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Keeping and Protecting Unity

“with all humility and gentleness, with patience, enduring with one another in love, doing one’s best to guard the unity of the Spirit in the chain of peace.”

(Ephesians 4:2-3)

Guarding the unity of the Spirit? If we can be honest with one another, I think it is safe to say that we have not done a good job of this task. Every man believes what is right in his own eyes and thus denominations abound, churches pop up on every corner, and it would seem that nobody is in agreement as to what those essential matters are, which define Christian unity. There’s a book in that…actually, there are several books in that. Lord willing we will see a couple of them come to fruition by the end of the year. For the moment, a few points of interest from Paul’s text in these verses. 

First, unity is worth defending (and fighting to restore when broken). This does not mean that unity is to be achieved by the wishy-washy ecumenical movement that rejects doctrine and diminishes Christianity to one’s personal preferences. No, that is not the unity that Paul is addressing here in this passage. In fact, that is no unity at all because it is based on a spiritually immature view of the faith (as Paul will further develop). No, unity that is based in the Spirit of God is a unity that binds like a chain — it is strong, unyielding, and will keep those who are prisoners of Christ, well, prisoners of Christ. Indeed, that chain is here described as a chain of peace. Peace is only found in proper relationship with Christ and we will not remain in a bond of peace with one another if that relationship with Christ is not first addressed. No, that is not the unity of ecumenicalism nor is it the unity that is found in much of evangelicalism today. In fact, much of evangelicalism, in their goal to distance themselves both from Rome and from ecumenicism, has turned a blind eye to the whole notion of unity.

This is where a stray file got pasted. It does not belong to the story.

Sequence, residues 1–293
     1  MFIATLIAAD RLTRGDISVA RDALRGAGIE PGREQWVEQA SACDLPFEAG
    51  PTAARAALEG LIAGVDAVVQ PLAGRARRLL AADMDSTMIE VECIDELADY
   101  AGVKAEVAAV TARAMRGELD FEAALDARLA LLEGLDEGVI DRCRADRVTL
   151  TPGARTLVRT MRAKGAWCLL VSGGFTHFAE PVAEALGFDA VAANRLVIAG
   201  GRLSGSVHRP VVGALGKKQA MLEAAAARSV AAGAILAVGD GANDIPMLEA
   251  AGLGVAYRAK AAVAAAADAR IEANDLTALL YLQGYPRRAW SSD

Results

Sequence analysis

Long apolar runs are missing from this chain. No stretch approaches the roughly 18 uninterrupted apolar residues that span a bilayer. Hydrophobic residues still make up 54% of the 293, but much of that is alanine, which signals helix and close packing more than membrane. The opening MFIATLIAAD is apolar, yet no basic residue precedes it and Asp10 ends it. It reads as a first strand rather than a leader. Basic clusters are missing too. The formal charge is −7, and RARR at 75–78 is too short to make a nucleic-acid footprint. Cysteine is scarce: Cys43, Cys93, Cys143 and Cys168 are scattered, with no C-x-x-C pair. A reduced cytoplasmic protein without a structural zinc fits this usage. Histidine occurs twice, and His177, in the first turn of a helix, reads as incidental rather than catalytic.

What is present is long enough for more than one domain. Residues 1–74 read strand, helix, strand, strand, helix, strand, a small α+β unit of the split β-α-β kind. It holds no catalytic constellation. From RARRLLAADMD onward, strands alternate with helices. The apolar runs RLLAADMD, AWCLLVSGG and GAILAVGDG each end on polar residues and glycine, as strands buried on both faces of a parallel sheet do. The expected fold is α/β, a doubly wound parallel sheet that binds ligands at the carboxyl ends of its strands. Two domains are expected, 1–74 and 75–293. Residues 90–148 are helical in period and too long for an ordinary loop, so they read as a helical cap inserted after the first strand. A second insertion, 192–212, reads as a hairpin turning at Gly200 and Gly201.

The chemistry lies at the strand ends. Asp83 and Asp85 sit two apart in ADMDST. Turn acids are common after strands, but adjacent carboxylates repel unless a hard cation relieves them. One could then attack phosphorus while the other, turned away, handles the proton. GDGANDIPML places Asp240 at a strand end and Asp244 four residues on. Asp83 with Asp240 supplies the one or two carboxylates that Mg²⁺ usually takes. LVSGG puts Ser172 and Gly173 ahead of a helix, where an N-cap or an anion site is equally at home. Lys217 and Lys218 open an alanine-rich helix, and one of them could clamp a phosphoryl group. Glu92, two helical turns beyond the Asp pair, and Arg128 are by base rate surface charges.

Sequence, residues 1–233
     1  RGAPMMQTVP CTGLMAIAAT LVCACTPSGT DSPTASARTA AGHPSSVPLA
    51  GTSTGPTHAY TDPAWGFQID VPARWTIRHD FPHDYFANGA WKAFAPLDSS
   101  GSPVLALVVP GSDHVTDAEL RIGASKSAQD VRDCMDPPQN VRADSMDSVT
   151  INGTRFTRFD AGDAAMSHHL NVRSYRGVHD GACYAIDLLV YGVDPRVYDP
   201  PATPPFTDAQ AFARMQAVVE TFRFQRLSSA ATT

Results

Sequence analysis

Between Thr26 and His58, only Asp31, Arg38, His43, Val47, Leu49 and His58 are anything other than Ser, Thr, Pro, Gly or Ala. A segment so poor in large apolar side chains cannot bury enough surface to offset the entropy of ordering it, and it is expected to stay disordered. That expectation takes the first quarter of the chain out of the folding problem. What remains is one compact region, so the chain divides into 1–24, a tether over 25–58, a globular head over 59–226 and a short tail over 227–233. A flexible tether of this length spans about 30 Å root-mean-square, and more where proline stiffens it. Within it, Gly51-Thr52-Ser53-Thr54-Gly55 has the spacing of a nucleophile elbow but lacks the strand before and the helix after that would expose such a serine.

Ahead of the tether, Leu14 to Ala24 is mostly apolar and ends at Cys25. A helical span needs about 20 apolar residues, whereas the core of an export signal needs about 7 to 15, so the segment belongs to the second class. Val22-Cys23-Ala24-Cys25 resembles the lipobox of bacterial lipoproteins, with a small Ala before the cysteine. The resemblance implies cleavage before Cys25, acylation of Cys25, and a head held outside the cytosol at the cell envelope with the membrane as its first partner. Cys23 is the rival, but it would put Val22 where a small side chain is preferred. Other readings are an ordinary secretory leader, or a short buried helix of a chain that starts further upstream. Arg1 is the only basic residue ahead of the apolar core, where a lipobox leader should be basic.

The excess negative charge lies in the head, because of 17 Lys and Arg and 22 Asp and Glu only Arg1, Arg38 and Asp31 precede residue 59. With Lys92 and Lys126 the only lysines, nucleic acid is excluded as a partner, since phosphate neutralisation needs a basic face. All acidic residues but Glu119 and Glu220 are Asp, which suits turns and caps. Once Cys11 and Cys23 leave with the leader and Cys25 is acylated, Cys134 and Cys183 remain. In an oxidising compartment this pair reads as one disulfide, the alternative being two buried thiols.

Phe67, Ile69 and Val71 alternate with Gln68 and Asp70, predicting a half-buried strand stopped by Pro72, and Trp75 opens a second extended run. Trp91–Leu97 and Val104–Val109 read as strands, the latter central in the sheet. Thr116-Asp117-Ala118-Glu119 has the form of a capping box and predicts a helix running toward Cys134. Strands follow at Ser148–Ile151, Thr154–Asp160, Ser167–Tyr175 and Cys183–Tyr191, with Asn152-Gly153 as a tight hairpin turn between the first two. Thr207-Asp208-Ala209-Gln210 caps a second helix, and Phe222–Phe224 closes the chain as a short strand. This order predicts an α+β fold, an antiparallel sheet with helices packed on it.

You might be tempted to say, but what about the humility, gentleness (πραΰτης — prautes, which refers to strength that is under control), patience (μακροθυμία — makrothumia, which more literally translates to “long-suffering”), and enduring with one another in love? Indeed, all of these are essential to keeping or preserving the unity that is had. Yet, they are unable to produce unity in and of themselves. They are essential once unity is attained, but if unity is not present, they are little more than benevolent feelings and well-wishes.

And so, Paul gives us the basis for how unity is guarded and in the verses that follow, Paul gives us the basis for what unity is in the church of Jesus Christ. The real question is whether or not we are willing to submit to the Word of God and seek that unity as is prescribed in Scripture rather than the unity that is feigned by men.